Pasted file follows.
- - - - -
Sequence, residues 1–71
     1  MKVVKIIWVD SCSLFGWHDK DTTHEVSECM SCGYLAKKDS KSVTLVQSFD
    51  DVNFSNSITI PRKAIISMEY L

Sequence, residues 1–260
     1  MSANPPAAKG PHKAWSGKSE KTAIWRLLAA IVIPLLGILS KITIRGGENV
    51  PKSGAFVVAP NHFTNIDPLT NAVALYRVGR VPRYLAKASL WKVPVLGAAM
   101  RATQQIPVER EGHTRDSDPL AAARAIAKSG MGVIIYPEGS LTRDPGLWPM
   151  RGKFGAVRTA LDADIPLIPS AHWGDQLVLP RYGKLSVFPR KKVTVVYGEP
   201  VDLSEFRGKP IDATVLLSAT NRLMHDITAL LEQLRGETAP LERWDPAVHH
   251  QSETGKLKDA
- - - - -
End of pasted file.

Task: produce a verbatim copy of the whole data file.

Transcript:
Sequence, residues 1–71
     1  MKVVKIIWVD SCSLFGWHDK DTTHEVSECM SCGYLAKKDS KSVTLVQSFD
    51  DVNFSNSITI PRKAIISMEY L

Sequence, residues 1–260
     1  MSANPPAAKG PHKAWSGKSE KTAIWRLLAA IVIPLLGILS KITIRGGENV
    51  PKSGAFVVAP NHFTNIDPLT NAVALYRVGR VPRYLAKASL WKVPVLGAAM
   101  RATQQIPVER EGHTRDSDPL AAARAIAKSG MGVIIYPEGS LTRDPGLWPM
   151  RGKFGAVRTA LDADIPLIPS AHWGDQLVLP RYGKLSVFPR KKVTVVYGEP
   201  VDLSEFRGKP IDATVLLSAT NRLMHDITAL LEQLRGETAP LERWDPAVHH
   251  QSETGKLKDA